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Benefits of Apricots
21. Protect Against Inflammation
Apricots are a strong dietary source of catechins, a broad family of flavonoid phytonutrients (you may be familiar with these phytonutrients since they are often cited for the benefits provided by green tea). A single apricot will provide you with 4 5 grams from catechins. These phytonutrients are potent anti inflammatory nutrients and researchers have looked extensively at their health effects. Researchers have discovered that catechins can inhibit the activity of an enzyme called cyclooxygenase 2 (COX 2), one of the critical steps in the process of inflammation.
22. Other Health Benefits
Apricots are a good source of dietary fiber. This overall fiber content should be helpful for most people in supporting digestive health. Within the total dietary fiber provided by apricots, about half consists of soluble fiber. Soluble fiber is one type of fiber that can help to control blood cholesterol levels.
Apricots are small, golden orange fruits, with velvety skin and flesh: not too juicy but definitely smooth and sweet. Their flavor is almost musky, with a faint tartness that is more pronounced when the fruit is dried. Some people think of the flavor as being somewhere between a peach and a plum, fruits to which they re closely related.
Apricots are originally from China but arrived in Europe via Armenia, which is why the scientific name is Prunus armenaica. The apricot tree came to Virginia in 1720 but its appearance in the Spanish missions of California around 1792 marked the fruit s real arrival. The climate there is perfectly suited to apricot culture, and apricots in the United States are grown primarily in the sunny orchards of California.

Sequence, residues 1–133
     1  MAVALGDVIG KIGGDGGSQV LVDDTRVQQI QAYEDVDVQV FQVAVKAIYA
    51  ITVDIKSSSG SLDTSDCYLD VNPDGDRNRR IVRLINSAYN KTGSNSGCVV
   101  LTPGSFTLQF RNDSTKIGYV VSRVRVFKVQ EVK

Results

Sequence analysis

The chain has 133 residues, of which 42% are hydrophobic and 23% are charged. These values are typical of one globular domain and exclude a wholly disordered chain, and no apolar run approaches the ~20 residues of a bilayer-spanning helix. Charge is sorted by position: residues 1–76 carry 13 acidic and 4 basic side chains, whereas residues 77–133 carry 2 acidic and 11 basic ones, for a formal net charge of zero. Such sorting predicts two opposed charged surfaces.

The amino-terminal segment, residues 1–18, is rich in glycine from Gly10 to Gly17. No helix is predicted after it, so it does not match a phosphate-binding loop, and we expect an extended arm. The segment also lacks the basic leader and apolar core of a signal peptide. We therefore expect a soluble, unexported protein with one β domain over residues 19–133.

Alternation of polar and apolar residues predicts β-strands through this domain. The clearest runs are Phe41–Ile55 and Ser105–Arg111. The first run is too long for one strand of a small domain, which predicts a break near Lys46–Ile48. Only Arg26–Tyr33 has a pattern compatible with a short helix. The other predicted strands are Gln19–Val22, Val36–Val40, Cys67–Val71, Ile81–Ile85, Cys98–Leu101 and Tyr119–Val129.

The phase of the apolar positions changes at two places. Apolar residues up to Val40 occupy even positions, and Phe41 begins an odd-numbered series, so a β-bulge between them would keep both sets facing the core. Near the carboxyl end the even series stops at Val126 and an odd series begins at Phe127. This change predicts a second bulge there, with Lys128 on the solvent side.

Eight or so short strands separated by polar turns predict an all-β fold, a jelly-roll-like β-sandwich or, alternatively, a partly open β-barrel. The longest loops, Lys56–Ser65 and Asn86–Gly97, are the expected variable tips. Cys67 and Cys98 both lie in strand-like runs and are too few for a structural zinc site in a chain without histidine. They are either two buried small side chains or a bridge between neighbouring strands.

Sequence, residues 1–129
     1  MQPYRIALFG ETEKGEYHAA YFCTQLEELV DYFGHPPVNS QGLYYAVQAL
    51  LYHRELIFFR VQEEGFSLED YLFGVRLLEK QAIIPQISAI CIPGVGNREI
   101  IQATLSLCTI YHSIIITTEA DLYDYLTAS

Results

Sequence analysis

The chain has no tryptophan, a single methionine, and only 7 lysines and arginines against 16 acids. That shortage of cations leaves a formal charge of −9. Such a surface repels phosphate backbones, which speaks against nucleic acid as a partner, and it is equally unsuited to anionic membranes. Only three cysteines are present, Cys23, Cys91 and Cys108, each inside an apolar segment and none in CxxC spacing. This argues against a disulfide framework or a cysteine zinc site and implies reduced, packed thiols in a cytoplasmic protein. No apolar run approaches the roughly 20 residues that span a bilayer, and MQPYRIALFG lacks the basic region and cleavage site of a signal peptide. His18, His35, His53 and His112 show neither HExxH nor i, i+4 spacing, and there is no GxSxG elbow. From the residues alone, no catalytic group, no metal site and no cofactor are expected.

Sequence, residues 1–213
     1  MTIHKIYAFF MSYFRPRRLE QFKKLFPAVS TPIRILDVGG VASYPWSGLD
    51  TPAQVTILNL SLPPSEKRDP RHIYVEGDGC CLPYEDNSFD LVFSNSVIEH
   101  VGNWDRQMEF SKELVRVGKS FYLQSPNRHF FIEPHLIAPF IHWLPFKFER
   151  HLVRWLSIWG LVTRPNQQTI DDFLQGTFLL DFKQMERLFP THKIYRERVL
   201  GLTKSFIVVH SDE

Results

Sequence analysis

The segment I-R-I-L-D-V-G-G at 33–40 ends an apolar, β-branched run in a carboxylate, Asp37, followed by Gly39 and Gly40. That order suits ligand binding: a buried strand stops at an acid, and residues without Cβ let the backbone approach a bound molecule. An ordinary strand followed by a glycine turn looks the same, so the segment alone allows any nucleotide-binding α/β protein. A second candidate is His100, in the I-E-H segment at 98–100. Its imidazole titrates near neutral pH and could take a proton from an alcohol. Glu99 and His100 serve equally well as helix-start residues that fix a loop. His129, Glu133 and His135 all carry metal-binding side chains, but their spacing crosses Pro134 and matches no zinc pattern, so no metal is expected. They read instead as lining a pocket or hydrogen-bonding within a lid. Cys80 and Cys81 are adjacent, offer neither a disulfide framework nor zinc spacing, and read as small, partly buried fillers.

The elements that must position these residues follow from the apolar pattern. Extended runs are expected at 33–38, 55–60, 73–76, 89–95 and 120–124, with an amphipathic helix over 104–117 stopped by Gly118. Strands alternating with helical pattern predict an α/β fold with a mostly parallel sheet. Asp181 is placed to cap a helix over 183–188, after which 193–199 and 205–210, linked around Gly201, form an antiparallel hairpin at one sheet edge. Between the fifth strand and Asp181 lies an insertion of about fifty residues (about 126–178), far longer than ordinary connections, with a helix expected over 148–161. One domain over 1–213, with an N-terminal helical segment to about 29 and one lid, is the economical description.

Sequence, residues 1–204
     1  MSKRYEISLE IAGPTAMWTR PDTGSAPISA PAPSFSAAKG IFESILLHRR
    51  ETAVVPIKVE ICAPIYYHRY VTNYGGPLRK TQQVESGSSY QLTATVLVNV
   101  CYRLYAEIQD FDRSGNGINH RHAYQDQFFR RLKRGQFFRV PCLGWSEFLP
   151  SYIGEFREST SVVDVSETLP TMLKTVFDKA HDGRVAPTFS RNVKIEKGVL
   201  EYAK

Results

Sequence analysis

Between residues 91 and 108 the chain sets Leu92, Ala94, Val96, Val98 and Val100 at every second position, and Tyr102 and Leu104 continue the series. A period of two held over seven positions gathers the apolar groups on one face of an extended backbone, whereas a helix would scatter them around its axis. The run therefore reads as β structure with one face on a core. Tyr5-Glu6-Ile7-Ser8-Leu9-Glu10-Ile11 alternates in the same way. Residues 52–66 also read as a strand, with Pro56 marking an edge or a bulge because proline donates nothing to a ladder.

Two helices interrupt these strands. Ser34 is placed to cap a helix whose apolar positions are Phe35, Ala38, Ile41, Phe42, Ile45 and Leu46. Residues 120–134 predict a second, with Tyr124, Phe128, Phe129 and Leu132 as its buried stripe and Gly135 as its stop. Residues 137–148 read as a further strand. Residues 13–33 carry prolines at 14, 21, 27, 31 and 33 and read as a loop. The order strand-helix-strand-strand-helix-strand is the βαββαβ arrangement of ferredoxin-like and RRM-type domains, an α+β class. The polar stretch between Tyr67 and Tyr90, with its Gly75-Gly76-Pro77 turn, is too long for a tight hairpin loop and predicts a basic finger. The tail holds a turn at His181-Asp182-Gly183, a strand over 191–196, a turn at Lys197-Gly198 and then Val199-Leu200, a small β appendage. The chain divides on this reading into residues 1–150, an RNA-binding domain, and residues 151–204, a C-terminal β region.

25. How to Select and Store
Apricot season in the U.S. runs from May through August. In the winter, apricots are imported from South America. Look for fruits with a rich orange color while avoiding those that are pale and yellow. Fruits should be slightly soft. If they are too firm they have not been tree ripened, and tree ripened fruits always taste best. For the most antioxidants, choose fully ripened fruit.
26. Individual Concerns
Commercially grown dried apricots may be treated with sulfur dioxide gas during processing. They may also be treated with sulfites to extend their shelf life. Sulfur containing compounds are often added to dried foods like apricots as preservatives to help prevent oxidation and bleaching of colors.
27. Nutritional Profile
Apricots are an excellent source of vitamin A (in the form of pro vitamin A carotenoids), and a good source of vitamin C, copper, dietary fiber, and potassium. Apricots contain phytochemicals called carotenoids, compounds that give red, orange and yellow colors to fruits and vegetables. The powerful antioxidant Lycopene is one of the carotenoids found in apricots.
28. In Depth Nutritional Profile
An in depth nutritional profile for Apricots is also available. This profile includes information on a full array of nutrients, including carbohydrates, sugar, soluble and insoluble fiber, sodium, vitamins, minerals, fatty acids, amino acids and more.
29. How Do You Store Apricots
Apricots should be stored at room temperature until ripe and then kept in the fridge in a plastic bag or bin for three to five days. When storing, be sure to keep them out of direct sunlight.
30. What About Dried Apricot
Dried fruit offers some benefits to fresh fruit: convenient, keeps well, and quick energy boost. Research suggests that dried fruit provides rich sources of dietary fiber and iron
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